The Human Figure in Archaic Art 

frieze  A horizontal band of decoration, usually either painted or sculpted in relief (figures 50–2 and 75–7).

One of the most dramatic developments during the Archaic Period of Greek civilization is the sudden appearance and rapid refinement of the ability of Greek artists to represent the human figure. It will be remembered that after the end of the Mycenaean Period representation of human and animal figures in Greek art disappeared almost entirely. It is only toward the end of the ninth century bc that figurative art begins to reappear. In most instances, figures of animals are used by vase painters of the Geometric Period sparingly and almost as just another geometric pattern that can be repeated indefinitely around the circumference of the vessel. We can see this in the eighth-century amphora illustrated in figure 18, where two of the bands on the neck of the vase are decorated with repeated figures, one with grazing deer and one with recumbent goats. That same vase is decorated with another figured scene. This scene is much more prominent both because of its size and its location, between the vessel’s handles and just above the point of greatest circumference, and also because it is much less schematic than the animal-friezes. This scene shows a number of human mourners lamenting

Poetry and Sculpture of the Archaic Period   69 800 BC

Reorganization of Olympic Festival (776)

Earliest known writing in Greek alphabet (ca. 770) Geometric amphora (figure 18, ca. 750)

750 BC

Founding of Cyme in Italy by Chalcis (ca. 750) Founding of Syracuse by Corinth (733) Founding of Megara Hyblaea by Megara (728)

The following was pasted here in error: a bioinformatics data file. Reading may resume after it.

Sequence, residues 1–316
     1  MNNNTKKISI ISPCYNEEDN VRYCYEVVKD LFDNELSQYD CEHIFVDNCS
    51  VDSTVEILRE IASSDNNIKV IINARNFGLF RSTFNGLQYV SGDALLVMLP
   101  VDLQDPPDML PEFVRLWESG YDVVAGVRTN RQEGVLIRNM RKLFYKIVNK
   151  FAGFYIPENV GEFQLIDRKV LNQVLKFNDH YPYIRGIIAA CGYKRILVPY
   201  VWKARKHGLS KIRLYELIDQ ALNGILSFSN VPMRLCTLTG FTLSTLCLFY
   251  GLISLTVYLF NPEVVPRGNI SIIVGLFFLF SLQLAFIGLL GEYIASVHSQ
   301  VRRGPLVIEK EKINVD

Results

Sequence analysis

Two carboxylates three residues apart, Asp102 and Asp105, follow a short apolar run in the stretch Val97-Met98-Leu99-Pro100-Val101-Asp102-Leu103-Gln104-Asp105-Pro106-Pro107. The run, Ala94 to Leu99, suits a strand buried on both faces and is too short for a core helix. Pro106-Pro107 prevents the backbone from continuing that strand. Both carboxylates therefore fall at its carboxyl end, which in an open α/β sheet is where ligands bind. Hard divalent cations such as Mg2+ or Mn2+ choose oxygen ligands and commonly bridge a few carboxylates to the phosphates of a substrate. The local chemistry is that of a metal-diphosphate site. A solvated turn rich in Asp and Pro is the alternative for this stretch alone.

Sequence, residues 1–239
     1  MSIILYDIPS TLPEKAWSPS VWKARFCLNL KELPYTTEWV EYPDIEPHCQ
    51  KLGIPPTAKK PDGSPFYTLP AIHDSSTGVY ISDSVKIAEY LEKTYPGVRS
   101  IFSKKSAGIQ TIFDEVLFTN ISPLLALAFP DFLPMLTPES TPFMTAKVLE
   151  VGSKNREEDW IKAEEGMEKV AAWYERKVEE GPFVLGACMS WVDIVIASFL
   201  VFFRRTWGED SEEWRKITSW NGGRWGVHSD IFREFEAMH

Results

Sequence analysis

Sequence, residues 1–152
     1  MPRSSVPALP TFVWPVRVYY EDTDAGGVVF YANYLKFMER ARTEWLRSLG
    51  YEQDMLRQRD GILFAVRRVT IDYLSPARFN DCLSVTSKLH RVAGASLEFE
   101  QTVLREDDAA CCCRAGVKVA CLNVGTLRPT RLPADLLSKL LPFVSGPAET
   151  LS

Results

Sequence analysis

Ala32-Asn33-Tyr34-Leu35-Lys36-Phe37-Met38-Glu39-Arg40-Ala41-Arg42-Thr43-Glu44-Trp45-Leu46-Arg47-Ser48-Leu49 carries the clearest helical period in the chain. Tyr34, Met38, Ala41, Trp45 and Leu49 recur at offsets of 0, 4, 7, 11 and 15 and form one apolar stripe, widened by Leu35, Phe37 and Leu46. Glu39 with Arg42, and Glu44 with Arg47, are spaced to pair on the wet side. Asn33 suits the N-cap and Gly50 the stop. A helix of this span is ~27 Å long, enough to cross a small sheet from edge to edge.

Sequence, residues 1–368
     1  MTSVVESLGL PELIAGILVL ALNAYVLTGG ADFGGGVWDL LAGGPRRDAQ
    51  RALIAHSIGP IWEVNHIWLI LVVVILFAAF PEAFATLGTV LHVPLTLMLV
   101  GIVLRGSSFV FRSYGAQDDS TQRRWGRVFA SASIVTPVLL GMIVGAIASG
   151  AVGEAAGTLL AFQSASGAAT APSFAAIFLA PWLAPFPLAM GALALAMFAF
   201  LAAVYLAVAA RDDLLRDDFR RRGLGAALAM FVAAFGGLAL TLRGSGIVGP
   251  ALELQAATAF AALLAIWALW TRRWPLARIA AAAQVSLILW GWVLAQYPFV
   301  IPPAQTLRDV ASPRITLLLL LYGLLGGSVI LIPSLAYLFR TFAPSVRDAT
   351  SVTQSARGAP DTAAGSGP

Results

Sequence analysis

Birth of Hesiod (ca. 730)

700 BC Hesiod, Theogony (ca. 690)

Founding of Tarentum by Sparta (706) Beginning of development of hoplite phalanx (ca. 700) Birth of Archilochus (ca. 680)

Hesiod, Works and Days (ca. 675)

Birth of Mimnermus (ca. 660) Egypt opened to Greek trade (ca. 650) Birth of Solon and Alcman (ca. 640)

650 BC

Birth of Sappho (ca. 630) Draco writes lawcode for Athens (ca. 620) Archonship of Solon (594) Founding of Pythian Games (586 or 582)

600 BC

Callinus, Tyrtaeus, and Semonides active The “Chigi Vase” (figure 27, ca. 640) Conspiracy of Cylon (ca. 630) Homeric Hymn to Aphrodite (ca. 625)

MMA kouros (figure 24, ca. 590–580) Founding of Isthmian Games (582) Homeric Hymn to Demeter (ca. 575)

Founding of Nemean Games (573)

Reorganization of Panathenaic Festival (566) Lydian Empire of Croesus conquered by Cyrus (546)

550 BC

Cup by Arkesilas Painter (figure 21, ca. 565–550) Development of red-figure technique (ca. 530) Birth of Aeschylus (ca. 525)

Death of Peisistratus (527) Acropolis kore no. 675 (figure 25, ca. 520)

Reforms of Cleisthenes (508) 500 BC

Timeline 4  The Archaic Period.

the death of the central figure, shown lying on a funeral bier. The amphora itself stood as the marker of a grave, so that there is an intimate connection between the decoration and the function of the vase. But the human figures are no less schematically portrayed than the repeated deer and goats on the neck of the vase. They are in nearly identical poses, with their hands to their heads in conventionalized attitudes of mourning, either beating their heads or tearing their hair, and they are identically represented with triangular torsos and circular blobs for heads. The